I really don’t want to Google ‘evangelion clones’ or similar
What is the reason Gendo can’t ensoul a clone with Yui’s metaphysical bits? Is it stuck in the EVA for good until mankind is defragmented? Does he just enjoy playing the long game so much that he goes along with the dead seas script rather than take the obvious step?
ive never watched Eva and i suspect i might hate it if i do
Avoid it, for it is rich in suck
Granted I saw it in like 2004 as a thoroughly grown adult which I think matters
Yeah it sounds like it would have been my jam in high school.
Nah, Eva is pretty cool
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I watched Eva when I was in high school, that seems like the right time to watch it.
I am so hyped for the new Godzilla.
I’ve been thinking about Eva. Specifically, what if Evangelion’s original TV run had a second season?
I don’t think it’ll count as a spoiler if I remark that the first half of Evangelion is a sci-fi action show, albeit one that focuses on the mental state of the characters. Most episodes revolve around this really, truly weird giant monster, and The Eva Team has to come up with a solution around a specific problem. In a way, the best parts of Evangelion are the best parts of a Star Trek series. Sure, you’ve got 13 year old kids in giant robots angry that no one loves them, but there’s also a lot of scenes of the adults coming up with crazy solutions to crazy problems. And I love it for that.
The second half, where everything really, really, really gets weird and depressing, though. We all know the ending of Evangelion is awfully abrupt, and the movie version of those same events is essentially the opposite of the original ending, so we can’t say one is an extended look at the other. But what I’m asking myself is, is the quick descent into depression and madness what causes Evangelion to stick out, or would the breathing room offered by another 26 episodes have been enough for them to write the gradual slide of each character into desperate personalities?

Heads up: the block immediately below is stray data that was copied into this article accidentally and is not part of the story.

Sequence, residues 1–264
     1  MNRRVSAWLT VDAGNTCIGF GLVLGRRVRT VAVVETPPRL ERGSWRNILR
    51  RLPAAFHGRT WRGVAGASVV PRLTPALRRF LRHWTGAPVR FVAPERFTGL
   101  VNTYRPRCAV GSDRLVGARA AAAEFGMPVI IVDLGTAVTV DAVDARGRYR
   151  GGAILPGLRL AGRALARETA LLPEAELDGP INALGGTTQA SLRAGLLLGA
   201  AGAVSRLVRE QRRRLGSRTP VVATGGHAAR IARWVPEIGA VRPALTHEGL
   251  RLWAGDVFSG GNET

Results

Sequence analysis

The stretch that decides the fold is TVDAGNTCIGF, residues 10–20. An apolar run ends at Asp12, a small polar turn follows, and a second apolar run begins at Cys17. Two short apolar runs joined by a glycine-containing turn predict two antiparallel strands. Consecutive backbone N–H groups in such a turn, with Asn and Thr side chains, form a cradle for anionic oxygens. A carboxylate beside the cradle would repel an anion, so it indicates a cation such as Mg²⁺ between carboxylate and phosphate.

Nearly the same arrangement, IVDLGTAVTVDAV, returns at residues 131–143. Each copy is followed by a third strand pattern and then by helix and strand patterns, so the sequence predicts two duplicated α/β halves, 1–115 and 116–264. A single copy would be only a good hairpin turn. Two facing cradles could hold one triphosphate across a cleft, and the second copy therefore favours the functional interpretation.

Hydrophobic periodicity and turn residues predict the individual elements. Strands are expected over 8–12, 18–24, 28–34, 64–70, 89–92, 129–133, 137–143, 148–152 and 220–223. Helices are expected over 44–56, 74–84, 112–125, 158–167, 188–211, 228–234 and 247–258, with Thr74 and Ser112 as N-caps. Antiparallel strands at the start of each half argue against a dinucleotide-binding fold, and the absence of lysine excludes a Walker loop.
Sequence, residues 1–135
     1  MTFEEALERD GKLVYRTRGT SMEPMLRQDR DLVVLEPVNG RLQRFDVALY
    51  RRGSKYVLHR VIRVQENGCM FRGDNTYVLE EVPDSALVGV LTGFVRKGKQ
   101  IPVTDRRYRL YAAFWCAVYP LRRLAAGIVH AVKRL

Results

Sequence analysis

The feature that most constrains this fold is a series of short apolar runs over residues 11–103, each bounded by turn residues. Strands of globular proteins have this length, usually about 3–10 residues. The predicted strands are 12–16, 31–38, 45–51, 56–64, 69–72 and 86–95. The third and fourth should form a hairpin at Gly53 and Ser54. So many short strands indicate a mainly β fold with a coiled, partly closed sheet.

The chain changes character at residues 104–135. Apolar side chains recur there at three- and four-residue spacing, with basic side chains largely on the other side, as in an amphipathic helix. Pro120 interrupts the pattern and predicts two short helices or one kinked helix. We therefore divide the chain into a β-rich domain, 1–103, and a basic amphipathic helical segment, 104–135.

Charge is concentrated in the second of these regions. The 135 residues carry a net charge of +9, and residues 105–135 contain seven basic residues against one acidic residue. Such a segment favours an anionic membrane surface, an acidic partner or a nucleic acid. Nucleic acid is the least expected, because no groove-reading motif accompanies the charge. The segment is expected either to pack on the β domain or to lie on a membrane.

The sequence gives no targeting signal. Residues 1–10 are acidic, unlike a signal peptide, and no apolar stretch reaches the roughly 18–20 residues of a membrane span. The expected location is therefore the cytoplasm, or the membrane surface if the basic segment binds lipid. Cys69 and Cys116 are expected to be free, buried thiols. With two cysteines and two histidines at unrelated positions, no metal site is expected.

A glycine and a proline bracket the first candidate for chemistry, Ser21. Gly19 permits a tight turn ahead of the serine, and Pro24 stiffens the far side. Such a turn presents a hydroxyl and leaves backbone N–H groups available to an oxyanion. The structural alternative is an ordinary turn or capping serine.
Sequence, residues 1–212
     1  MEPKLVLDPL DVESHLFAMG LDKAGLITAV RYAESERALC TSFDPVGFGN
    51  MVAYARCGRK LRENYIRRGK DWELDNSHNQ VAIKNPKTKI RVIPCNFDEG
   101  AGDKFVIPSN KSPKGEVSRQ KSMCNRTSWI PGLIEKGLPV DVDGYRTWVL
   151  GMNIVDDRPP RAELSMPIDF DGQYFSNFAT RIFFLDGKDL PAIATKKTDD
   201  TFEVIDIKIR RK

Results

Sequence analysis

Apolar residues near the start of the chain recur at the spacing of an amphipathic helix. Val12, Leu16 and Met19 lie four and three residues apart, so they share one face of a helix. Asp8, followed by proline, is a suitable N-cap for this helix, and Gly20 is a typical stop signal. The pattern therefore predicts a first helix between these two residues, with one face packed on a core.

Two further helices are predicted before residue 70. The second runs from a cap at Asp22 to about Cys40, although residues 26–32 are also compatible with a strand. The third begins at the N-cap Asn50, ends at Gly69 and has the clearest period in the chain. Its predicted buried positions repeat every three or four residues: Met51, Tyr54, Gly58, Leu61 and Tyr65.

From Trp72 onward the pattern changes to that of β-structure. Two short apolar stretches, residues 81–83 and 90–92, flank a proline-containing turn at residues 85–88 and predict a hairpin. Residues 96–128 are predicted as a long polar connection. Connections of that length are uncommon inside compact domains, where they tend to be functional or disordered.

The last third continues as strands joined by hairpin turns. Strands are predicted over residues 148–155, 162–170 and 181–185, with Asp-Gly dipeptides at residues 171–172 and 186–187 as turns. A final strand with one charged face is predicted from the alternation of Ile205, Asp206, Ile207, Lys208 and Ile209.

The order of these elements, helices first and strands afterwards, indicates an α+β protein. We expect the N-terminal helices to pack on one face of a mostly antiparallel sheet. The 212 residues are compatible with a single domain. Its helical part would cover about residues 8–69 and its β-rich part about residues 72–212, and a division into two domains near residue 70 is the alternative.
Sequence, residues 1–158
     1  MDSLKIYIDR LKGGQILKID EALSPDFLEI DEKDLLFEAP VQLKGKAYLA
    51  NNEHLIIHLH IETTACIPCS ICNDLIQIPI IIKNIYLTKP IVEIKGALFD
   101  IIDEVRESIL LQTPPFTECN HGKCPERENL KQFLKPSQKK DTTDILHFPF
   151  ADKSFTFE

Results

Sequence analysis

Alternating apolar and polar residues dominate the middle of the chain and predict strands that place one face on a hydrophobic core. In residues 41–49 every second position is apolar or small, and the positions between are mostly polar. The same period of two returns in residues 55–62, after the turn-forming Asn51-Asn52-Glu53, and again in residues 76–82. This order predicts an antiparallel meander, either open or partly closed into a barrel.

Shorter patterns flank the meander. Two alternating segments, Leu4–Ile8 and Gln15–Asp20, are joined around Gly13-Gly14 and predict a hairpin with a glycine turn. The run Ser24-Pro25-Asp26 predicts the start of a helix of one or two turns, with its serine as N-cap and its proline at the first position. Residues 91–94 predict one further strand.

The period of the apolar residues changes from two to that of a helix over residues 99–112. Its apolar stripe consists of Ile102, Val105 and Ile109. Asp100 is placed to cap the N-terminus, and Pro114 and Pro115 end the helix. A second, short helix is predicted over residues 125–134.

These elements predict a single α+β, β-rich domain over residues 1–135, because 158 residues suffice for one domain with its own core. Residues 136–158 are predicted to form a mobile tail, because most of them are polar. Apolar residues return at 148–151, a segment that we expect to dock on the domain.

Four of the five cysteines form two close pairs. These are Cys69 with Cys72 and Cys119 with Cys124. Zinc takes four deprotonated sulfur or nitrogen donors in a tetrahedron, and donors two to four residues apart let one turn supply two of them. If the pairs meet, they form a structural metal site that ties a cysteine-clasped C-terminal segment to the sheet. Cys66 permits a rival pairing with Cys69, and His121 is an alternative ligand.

I think the question is relevant because not only is Evangelion one of the few anime to do this, it’s one of the few pieces of any media that does what it does: chart the story’s heroes’ downward spiral. What makes Evangelion stand out is that each character has a breaking point, and that breaking point gets crossed a number of times with each important character. Nobody comes home from war unchanged. Why would the men and women who fight Gods be any less apt to feel that same weight?
Eva is at a perfect length when you tac on the End of movie.
It’s not even that weird. Everything fits, and everything works.
It’s a damn near perfect piece of fiction.
Eva is still basically perfect and haters can go watch outlaw star or something.
The movie reboots is bad tho
I don’t know if those count as “media” or not, but downward spiral plots are really, really common in literary novels and theater. And yeah, it’s pretty surprising that this highbrow trope ended up driving this very popular and extremely blunt piece of mass entertainment. I think it’s partly that teenagers correctly perceive the structure as highbrow and prestigious, without realizing that the crude and histrionic execution makes it trashy regardless. Basically it’s a really odd variety of middlebrow.